Who do you know?
Friends, family, colleagues, fellow university alumni, that person you met last night. How broad is your network of human connections? Do your connections have strong connections? How well do you keep up with that network?
I moved to Charleston, South Carolina with the intent of staying in the area for a while. When I moved to town, I wouldn’t have claimed to know a single person in the lowcountry well. Over the past year, I made a conscious effort to broaden my network, both getting to know a wide diversity of people and getting a wide diversity of people to know me. This has led me to become quite used to the idea of organized networking, but I still find myself on occasion being reminded of how totally bizarre the activity of “networking” actually is. Think about it. People go out of their way, usually to some central bar, restaurant, rooftop, or outdoor venue just to walk around, shake hands, tell the same story of your background and future interests over and over again hoping that one of the people you cross paths with will have some common interest or background or even better, be pursuing someone who fits your profile. Why do we do this? What, I believe, allows this odd concept to persist is that story we’ve all heard about the friend of a colleague’s sister’s roommate finding his dream job or next seed investor or love of his life through a connection they made at one of these types of events. And that little nugget of possibility leads us all to attend hoping for similar self-advancing outcomes.
That’s what I’ve told myself at least. You just never know. You just never know who will be there, who you’ll meet. But after living in Charleston for more than a year and going to as many of these events as possible, I’ve started to see consistent repetition in the sort of people, places, and conversations that occur around the Charleston area. I now go to these various events literally most nights of the week. There is a wide range from the more formal business networking to the more casual sharing drinks and getting to know each other, but they all exist for people to broaden their networks of connections. In the past couple weeks, I’ve been to a Charleston Young Professionals event, Tech After Five, a Millennials Mixer Meetup, I’m in a bocce ball league organized through Chucktown Social, I ran an alumni event for my grad school, a Young Adults of Charleston Meetup, a Clemson Lowcountry Dinner Club event, and participated in a Product Group Meetup. And those are all just during weekdays. Over the past couple quarters, I’ve started to see many repeat faces at all these events, and there has now developed a sort of “regulars” crew that make plans to attend these events independently but end up running into each other multiple times a week. Is that good or bad? If the point of going to these events is to meet new people, do repeated “hey, how have you been?” conversations start to imply that the original purpose is being lost?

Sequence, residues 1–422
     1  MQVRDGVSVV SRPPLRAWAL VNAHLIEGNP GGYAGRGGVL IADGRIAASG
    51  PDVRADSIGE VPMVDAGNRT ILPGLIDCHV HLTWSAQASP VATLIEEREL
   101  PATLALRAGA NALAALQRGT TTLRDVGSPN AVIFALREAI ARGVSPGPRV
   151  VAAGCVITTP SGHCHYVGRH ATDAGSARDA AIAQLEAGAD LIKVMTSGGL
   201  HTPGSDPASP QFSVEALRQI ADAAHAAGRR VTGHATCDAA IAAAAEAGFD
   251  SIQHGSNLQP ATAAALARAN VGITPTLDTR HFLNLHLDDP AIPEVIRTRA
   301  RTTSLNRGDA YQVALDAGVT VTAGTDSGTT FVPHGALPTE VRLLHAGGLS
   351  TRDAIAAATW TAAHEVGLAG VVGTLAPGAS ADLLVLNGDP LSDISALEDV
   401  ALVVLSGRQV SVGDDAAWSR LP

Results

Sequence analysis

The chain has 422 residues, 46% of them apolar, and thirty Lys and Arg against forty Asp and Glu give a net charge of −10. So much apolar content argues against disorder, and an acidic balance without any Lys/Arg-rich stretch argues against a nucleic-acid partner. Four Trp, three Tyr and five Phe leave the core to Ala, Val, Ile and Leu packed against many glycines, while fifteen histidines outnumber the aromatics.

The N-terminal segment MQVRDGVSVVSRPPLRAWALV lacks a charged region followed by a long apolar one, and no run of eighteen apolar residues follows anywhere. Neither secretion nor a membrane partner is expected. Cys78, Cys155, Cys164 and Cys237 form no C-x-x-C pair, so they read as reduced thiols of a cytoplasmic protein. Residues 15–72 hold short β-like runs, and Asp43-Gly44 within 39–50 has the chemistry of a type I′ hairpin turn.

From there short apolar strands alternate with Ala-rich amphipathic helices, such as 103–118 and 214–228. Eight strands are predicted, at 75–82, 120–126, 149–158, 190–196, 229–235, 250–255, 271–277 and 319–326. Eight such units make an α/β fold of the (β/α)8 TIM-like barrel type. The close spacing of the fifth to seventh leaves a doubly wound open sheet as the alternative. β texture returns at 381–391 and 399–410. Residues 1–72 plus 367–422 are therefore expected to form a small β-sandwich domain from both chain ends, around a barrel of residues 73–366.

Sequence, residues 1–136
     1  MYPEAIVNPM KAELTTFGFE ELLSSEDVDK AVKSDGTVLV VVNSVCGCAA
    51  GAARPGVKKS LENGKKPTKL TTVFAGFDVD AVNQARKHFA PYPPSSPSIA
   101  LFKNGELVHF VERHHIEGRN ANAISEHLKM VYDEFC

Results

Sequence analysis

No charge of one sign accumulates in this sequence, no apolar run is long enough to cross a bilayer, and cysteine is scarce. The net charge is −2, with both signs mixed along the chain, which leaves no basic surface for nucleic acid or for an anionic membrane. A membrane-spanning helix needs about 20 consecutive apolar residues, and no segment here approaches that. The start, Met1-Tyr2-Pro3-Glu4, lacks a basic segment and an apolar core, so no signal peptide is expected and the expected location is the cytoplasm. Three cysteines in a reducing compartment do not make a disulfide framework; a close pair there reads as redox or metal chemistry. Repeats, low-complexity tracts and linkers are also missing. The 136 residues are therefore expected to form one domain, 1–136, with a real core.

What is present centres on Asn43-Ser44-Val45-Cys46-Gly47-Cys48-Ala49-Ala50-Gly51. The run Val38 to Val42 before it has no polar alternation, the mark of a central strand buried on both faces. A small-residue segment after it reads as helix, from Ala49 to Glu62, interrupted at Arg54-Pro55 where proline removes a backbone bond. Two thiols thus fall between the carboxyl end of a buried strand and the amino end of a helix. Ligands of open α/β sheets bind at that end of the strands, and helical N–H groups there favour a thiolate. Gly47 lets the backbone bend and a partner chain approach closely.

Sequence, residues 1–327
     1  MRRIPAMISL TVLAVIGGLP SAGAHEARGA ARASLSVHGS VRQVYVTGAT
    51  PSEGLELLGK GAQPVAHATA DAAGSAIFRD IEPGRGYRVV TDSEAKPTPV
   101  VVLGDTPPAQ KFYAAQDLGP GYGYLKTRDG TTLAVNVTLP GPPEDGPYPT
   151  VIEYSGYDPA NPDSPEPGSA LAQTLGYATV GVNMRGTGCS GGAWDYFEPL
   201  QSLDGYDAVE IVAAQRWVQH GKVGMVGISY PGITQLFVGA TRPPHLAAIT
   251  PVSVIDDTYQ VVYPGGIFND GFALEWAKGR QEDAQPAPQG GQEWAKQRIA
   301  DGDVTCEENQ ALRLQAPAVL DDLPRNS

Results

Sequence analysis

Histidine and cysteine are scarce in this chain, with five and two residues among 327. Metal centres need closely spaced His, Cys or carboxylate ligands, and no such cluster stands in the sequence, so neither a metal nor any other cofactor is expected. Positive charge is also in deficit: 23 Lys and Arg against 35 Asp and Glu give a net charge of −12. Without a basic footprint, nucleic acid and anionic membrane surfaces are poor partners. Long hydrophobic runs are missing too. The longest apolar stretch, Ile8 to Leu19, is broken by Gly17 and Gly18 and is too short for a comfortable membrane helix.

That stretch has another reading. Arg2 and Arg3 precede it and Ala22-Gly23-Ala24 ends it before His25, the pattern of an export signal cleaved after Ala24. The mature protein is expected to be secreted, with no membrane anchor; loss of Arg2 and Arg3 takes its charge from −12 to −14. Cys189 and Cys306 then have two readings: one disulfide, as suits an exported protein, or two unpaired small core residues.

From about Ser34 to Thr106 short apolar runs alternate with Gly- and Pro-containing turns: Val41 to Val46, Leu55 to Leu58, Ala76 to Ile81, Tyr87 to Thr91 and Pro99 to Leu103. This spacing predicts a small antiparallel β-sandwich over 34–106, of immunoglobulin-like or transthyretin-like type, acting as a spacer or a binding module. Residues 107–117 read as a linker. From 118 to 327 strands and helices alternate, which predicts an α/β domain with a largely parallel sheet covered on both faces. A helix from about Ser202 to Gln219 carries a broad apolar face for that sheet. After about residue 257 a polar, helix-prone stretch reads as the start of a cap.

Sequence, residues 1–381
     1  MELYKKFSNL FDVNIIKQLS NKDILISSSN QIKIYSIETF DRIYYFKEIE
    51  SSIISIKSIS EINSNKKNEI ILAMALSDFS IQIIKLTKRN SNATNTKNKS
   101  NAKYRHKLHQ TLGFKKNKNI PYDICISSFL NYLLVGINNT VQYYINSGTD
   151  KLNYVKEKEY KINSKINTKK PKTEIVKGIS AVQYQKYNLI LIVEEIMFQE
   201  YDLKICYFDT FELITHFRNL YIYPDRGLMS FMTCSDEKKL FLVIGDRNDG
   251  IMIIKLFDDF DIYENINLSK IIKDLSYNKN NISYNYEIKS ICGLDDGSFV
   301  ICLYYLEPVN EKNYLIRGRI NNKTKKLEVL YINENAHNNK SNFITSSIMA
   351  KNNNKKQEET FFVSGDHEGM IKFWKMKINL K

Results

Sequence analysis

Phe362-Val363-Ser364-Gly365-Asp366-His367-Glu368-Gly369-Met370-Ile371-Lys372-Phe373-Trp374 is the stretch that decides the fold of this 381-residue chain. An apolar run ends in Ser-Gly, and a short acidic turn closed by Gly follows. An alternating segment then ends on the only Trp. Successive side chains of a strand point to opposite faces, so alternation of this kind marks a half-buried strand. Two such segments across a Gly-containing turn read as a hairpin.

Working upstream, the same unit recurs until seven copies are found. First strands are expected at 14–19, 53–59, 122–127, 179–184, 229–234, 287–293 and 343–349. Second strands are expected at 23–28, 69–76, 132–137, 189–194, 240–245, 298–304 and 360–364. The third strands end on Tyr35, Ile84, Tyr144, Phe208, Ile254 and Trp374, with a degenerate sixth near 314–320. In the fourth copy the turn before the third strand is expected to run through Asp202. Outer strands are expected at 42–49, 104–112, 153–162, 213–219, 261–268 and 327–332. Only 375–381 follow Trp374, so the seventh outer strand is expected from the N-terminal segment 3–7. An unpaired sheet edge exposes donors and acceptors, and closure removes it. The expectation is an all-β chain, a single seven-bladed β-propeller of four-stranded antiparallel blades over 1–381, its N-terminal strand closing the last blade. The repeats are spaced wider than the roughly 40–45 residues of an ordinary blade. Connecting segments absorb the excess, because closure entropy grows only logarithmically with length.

My business background and budgeting consciousness has lead to me wondering what the return on the investment of all that time and all those beverages truly has been. I’ve met may people through these events that I now consider good friends, but it has not lead yet to any sort of notable lifestyle advancement, other than being far busier, I suppose.
But I guess that’s exactly the point. Latent possibility combined with persistent uncertainty. You simply never know when someone who knows your name and is familiar with your background will introduce you to a connection of there’s and change your life. So while I still consider myself relatively new to the area and still see huge possible upsides to knowing the right people, I will continue going to these many networking events, introducing myself, shaking hands, trying to explain what Product Management at Blackbaud is, giving the highest level hint of my international background, and then asking, “how about you?”